Need some help recognizing street harassment?
Maybe you have heard this term being used a lot lately, likely due to the fact that it is International Anti Street Harassment Week, and so it seems to be on everyone’s radar. Maybe you aren’t super clear on what IS street harassment and what is just “being friendly.” There is a difference. Lets talk about it.
Firstly, a definition with some help from the people at Green Dot Etc. :
Street Harassment is a form of power-based violence.
Power based personal violence is a form of violence that has as a primary motivator, the assertion of power, control, and / or intimidation in order to harm another. This includes partner violence, sexual assault, and stalking and other uses of force, threat, intimidation or harassment of an individual.
You’re maybe familiar with a similar sounding term –sexual harassment? Well, street harassment is a form of sexual harassment that takes place in public spaces. At its core is a power dynamic that constantly reminds historically subordinated groups (women and LGBTQ2 folks, for example) of their vulnerability to assault in public spaces. Further, it reinforces the ubiquitous sexual objectification of these groups in everyday life. Street harassment can be sexist, racist, transphobic, homophobic, ableist, sizeist and/or classist. It is an expression of interlocking and overlapping oppressions and it functions as a means to silence our voices and “keep us in our place.”
So how does this play out in our streets, busses, parks and other public spaces?
Street Harassment can look like:
- Vulgar Gestures
- Sexually Explicit Comments (e.g., “Hey baby, I’d like a piece of that”)
- Kissing Noises
- Following someone
- Flashing someone or exposing oneself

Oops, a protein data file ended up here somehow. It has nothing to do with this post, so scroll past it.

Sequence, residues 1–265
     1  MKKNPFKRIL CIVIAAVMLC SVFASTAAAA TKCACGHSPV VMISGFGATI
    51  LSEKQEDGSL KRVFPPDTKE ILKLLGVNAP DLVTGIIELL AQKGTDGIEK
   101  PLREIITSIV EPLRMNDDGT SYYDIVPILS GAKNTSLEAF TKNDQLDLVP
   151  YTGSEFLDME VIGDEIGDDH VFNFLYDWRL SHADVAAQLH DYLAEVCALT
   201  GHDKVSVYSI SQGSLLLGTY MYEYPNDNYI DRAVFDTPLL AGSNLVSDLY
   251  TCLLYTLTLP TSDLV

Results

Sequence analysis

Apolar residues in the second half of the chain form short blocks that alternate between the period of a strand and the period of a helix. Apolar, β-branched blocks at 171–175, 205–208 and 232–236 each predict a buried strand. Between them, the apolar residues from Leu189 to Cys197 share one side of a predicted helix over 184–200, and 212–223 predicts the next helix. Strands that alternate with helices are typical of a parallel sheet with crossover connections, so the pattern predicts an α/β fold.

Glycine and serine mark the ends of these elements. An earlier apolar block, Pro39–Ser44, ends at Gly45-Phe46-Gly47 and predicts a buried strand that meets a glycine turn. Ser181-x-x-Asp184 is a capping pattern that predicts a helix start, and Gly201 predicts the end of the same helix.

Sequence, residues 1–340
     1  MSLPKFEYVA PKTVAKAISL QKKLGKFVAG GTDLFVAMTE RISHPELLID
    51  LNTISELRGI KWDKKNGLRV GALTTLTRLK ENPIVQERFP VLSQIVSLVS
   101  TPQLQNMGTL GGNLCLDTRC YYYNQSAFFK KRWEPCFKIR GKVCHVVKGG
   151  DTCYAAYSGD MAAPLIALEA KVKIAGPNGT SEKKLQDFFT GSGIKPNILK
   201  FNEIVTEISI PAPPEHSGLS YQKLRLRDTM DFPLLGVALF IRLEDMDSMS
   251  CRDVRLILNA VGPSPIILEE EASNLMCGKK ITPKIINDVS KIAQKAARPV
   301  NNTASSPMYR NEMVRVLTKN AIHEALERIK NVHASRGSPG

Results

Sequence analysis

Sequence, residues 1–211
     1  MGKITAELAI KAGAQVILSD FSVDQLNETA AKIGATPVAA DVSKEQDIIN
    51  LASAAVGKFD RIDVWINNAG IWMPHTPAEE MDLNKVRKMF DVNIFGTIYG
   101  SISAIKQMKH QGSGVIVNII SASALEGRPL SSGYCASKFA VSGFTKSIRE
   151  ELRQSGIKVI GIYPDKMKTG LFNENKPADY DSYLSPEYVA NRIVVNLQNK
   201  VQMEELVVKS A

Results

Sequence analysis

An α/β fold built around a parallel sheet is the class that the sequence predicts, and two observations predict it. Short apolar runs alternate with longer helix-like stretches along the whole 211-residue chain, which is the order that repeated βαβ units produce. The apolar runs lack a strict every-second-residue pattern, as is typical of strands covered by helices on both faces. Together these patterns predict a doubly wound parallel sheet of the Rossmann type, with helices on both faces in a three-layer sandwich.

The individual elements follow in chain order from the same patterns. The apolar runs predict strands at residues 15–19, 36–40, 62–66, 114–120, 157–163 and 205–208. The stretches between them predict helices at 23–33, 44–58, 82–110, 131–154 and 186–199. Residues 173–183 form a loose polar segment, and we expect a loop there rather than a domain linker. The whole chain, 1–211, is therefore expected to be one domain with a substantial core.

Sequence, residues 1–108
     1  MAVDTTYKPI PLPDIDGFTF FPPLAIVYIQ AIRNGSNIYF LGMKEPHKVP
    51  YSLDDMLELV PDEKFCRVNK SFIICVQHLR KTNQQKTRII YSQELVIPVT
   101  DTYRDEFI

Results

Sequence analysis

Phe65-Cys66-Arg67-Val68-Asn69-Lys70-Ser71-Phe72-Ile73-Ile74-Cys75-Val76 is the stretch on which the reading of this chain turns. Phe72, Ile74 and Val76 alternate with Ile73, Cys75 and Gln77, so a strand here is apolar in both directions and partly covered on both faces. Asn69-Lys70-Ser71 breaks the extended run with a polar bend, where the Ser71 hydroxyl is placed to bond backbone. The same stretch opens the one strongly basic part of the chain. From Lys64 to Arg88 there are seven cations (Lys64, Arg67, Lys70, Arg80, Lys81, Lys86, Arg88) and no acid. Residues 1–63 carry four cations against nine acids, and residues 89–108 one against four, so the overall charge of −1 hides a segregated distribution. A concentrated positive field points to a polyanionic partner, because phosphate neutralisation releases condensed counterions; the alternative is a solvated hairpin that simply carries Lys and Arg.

- Blocking someone’s path
- Sexual touching or grabbing (e.g., touching someone’s legs, breasts or butt)
- Public masturbation
- Comments about someone’s appearance, gender, sexual orientation, etc
If you are seeing this things like this, and still aren’t sure if you are witnessing harassment, it’s a good idea to look at the person on the receiving end of the actions. Their body language may be telling of how they are reacting to the exchange. It is totally appropriate to check in and ask the person being targeted “Are you ok?” Our next blog post will talk more about how to intervene, so stay tuned for that.
Unwanted attention like this isn’t a compliment. Compliments generally don’t make the receiver think about taking a new route to work, make them feel totally uncomfortable, or cause concern for their safety.
If it’s a compliment, it’s not harassment. But we understand that Vancouver has a reputation for already being unfriendly city, and it can be hard to figure out how to talk to strangers. Knowing this, you may want some more guidance so as not to offend.
So here we go: if a person approaches another person in public politely, strikes up a conversation with them, receives a clear rejection and respects their wishes, that’s not harassment.
Street harassment happens when words and actions are obviously unwanted and non-consensual. It’s forceful. It’s dehumanizing. It’s propelled by a sense of entitlement and profound disrespect for others. Perpetrators don’t want to give compliments or forge mutually beneficial connections; they want to intimidate and bully others. They resort to insults, stalking, threats or acts of violence when told to leave.
That being said – there are many different ways to initiate conversation without coming off as a creep! Comments on a shared experiences (“this coffee is great”), conspicuous books (“I haven’t read that yet, is it any good?”), or current events or other topics that don’t reduce another person to their parts, are examples of friendly, non-threatening places to start.
This being said – please keep in mind, you may not have created this world of street harassment, but you’re living in it. And the object of your affection has been socialized in it. So if your flirting is met with resistance, hesitation, or downright rudeness, don’t take it personally. Just say sorry, keep it moving, and remember the 80% of the 811 women Holly Kearl surveyed who said they constantly have to look over their shoulder. The 50% who have to cross the street and find alternate paths to their ultimate destinations. The 45% who feel as if they can’t go in public alone and the 26% who feel as if they have to lie about a significant other to get perpetrators to leave them alone. The 19% who had to move and the 9% who needed to completely change jobs just to avoid street harassment. And if the rejection pisses you off, take it out on the harassers and get involved.
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